Woman Code: Leadership 101


As woman in the workplace it’s hard not to let the double standards and stereotypes of women in power effect how you interact with co-workers and your approach to leadership. According to the Pew Research Center Report, Women and Leadership: Public Says Women are Equally Qualified, but Barriers Persist, the majority of Americans believes women are every bit as capable of being good political leaders as men and the same can be said of their ability to dominate the corporate boardroom. Yet we still see an alarming gap in the number of men vs. women at the top in business and government. Why? The research suggests that the double standard of women being required to do more than their male counterparts to prove themselves and a general feeling that the electorate and corporate America are just not ready to put more women in top leadership positions impede equality improvement despite current opinions on ability.

Over the summer Brookings Executive Education (BEE) welcomed alumnae and friends of the Women’s Leadership Network (WLN) for “A Conversation on Women’s Leadership” to discuss the challenges many of us face.

WLN alumnae focused on three key factors from the BEE program that have truly helped them face the challenges head on and develop their leadership styles.

  1. Lead from your strengths – We have this crazy desire to be perfect at everything. Part of it may be from our own fears and insecurities about the unwritten rule that we have to do more than our male counterparts just to be viewed as equal, however the reality is that we will never be perfect in EVERY way. Dr. Donald Clifton, the “father of strengths psychology,” found that strength is mastery created when an individual’s most powerful talents are refined and combined with relevant skills and knowledge. So instead of focusing all of your energy on your weaknesses, use that energy to focus and improve on what comes naturally.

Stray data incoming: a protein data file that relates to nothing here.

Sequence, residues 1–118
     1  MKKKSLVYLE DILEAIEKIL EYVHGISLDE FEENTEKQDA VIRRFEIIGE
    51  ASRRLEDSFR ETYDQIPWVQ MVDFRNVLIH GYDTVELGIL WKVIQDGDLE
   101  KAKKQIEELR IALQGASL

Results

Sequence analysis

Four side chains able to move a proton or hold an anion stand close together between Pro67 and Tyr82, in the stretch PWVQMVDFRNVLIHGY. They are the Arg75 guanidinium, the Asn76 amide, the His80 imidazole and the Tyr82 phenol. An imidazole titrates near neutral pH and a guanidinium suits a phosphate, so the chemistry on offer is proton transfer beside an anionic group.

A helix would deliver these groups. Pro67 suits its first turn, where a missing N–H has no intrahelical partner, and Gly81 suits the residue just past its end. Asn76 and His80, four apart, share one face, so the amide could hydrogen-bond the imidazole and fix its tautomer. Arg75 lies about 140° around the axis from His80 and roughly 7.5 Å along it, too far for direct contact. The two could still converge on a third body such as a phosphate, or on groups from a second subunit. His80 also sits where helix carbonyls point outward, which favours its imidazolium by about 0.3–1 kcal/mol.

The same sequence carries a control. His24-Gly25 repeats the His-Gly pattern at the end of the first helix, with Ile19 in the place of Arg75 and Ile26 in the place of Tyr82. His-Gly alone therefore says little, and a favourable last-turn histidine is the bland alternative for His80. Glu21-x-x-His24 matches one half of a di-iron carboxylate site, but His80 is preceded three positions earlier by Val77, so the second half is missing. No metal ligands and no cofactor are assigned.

2. Create a professional network – Often the informal activities in the workplace take place during inconvenient times or let’s face it, we just want to go home. BUT, these activities are important and we have to take the time to use these activities to build a network of mentors and supporters (both male and female).
  3. Take care of yourself – You have to be good to yourself to be the most effective leader you can be. We are often our own worst enemy. We are extremely critical of ourselves, skip meals, miss out on sleep, etc. all in the name of getting the job done. Despite what we tell ourselves the truth is that if we aren’t our best selves we can’t do our best work.

To learn more about WLN and the upcoming Fall Cohort please click here.

Kimberly Hall is part of the GovLoop Featured Blogger program, where we feature blog posts by government voices from all across the country (and world!). To see more Featured Blogger posts, click here.

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Francesca El-Attrash

Kimberly, very important post! Would be interested to hear more about what WLN had to say about combatting stereotypes against women in the workplace.

Brenda Dennis

Thank you Kimberly! I also would be interested in hearing more. I would have loved to be there. Very important point about building a network. We complain about the Good Old Boys Club, yet have done little to build our own networks. We have to realize that pure hard work isn’t enough to be able to get ahead.